Unsurprisingly, I could be a precocious brat as a child because I spent so much energy not wanting to be a child. I hated being relegated to the kids' table during family holidays, quietly resenting my teenage cousins who had graduated to the grown-ups' table. When my parents had friends over I would do my best to stay in the living room with them, horning in on their conversations and pretending to be an adult.
One of life's greatest ironies is spending a childhood wishing to be a grown-up only to get the wish and realize, ''This is what I wanted? I take it back!'' But you never would have been able to explain that to my 10-year-old self because I was a kid — a well-read and overly verbal kid, but still just a kid.
(Photo by Colin Swan / Wikimedia)
It was at that time, during the late '70s, that my tennis coach dropped by for dinner at our house. Being a little news junkie, but also being a little unclear about a story that had been in the news, I decided to join the dinner conversation with a question.
''What did Roman Polanski do?''
Awkward. Though the look on my coach's face was priceless. While my parents were generally tolerant of my wannabe antics, I could tell I'd crossed some line I didn't know existed. ''There are things you don't talk about at the dinner table,'' Dad said. It wasn't until after dinner when company was gone that he explained Polanski had had sex with a girl not much older than me. That made the line I'd crossed crystal clear.
As you've likely guessed, I bring this up because it bears some similarity with the past week's re-emergence of the emotional Grand Guignol of Woody Allen, Mia Farrow and their adopted daughter, Dylan Farrow: a talented filmmaker accused of sexual transgressions and crimes, which decades later are re-argued with every new film or award. But there is a big difference as well. Polanski was charged and pled guilty before fleeing the county; Allen was investigated and never charged.
I don't note the difference as a defense of Allen. I have no idea if his daughter's allegations of sexual molestation are true; there's no way I can know. Without a public release of the investigation, without a trial, without a conviction or an acquittal, it's guesswork. Though that hasn't stopped social media and news sites from filling up with righteous fury. It's like we're being pulled once again into a brutal family battle — and we think of these celebrities as part of our family because they're on our movie screens, our televisions, our computer monitors — where you have no choice but to pick a monster from one side and a victim from the other.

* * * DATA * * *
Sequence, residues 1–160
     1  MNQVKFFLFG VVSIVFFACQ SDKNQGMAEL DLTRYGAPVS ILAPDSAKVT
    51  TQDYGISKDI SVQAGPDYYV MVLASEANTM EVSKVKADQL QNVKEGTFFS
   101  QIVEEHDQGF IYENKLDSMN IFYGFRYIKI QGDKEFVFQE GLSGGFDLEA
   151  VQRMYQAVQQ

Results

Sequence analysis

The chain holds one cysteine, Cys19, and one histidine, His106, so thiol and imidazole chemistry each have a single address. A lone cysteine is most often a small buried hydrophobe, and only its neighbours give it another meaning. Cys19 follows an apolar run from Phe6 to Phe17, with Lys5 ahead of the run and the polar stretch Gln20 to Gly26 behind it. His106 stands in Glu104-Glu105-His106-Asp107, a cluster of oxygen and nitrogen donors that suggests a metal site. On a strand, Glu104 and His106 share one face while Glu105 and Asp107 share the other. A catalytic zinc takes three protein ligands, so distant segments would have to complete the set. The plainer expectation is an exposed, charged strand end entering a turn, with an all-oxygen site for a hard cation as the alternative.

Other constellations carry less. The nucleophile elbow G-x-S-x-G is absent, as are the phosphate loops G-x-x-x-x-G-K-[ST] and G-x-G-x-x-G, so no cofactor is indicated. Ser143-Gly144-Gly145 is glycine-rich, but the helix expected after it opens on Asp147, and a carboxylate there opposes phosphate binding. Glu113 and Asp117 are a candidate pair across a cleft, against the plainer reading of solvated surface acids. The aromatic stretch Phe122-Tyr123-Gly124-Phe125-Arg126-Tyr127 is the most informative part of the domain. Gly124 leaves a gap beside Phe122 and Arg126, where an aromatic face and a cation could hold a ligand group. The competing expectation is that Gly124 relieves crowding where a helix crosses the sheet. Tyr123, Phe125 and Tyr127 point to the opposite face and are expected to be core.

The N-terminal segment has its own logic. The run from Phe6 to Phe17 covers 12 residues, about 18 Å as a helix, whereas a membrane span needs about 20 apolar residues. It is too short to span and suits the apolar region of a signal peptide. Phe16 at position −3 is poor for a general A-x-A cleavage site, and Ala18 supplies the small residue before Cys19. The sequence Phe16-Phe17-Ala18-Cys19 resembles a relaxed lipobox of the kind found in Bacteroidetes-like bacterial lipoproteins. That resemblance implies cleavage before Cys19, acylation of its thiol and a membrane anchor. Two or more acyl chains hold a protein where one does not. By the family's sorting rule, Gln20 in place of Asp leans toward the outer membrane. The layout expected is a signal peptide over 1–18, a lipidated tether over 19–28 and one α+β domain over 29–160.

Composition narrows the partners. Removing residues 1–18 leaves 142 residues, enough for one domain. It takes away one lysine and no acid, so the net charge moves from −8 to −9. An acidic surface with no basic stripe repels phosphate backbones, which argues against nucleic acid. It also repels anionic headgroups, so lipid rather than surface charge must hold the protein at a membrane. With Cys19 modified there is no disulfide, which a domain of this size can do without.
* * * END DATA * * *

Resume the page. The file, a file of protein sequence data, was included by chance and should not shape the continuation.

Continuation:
I believe in giving the benefit of the doubt to people who come forward with claims of rape, abuse and molestation because not doing so reinforces the shame and fear that enable predators like Jerry Sandusky and cultures like Steubenville. I also believe in the presumption of innocence because on rare occasions, as in the '90s hysteria over alleged satanic sex cults in daycare centers or the more recent Duke lacrosse case, it happens to be true.
But faced with the choice between Allen as a monstrous pedophile preying on his family and Farrow as a villainous harpy manipulating her daughter for revenge, I'll instead choose to opt out because there can only ever be pain and sadness for everyone involved with no way to ever know who deserves it. Decades after I first stumbled into a conversation about sexual abuse, we're not much better at talking about it. Buying into the illusion that we're all a part of the Allen versus Farrow story won't change that and likely just masks us from the stories closer to home.
Sean Bugg is editor emeritus of Metro Weekly. He can be reached at firstname.lastname@example.org. Follow him on Twitter @seanbugg.